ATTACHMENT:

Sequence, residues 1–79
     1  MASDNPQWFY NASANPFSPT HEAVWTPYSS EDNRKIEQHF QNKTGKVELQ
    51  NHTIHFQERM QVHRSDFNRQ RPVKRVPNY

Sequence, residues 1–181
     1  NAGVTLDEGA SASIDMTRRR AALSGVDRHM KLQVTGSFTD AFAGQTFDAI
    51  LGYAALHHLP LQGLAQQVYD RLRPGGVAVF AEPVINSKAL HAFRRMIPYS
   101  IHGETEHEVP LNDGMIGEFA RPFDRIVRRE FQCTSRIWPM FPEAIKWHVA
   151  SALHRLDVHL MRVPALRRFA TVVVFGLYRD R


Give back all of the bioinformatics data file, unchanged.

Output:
Sequence, residues 1–79
     1  MASDNPQWFY NASANPFSPT HEAVWTPYSS EDNRKIEQHF QNKTGKVELQ
    51  NHTIHFQERM QVHRSDFNRQ RPVKRVPNY

Sequence, residues 1–181
     1  NAGVTLDEGA SASIDMTRRR AALSGVDRHM KLQVTGSFTD AFAGQTFDAI
    51  LGYAALHHLP LQGLAQQVYD RLRPGGVAVF AEPVINSKAL HAFRRMIPYS
   101  IHGETEHEVP LNDGMIGEFA RPFDRIVRRE FQCTSRIWPM FPEAIKWHVA
   151  SALHRLDVHL MRVPALRRFA TVVVFGLYRD R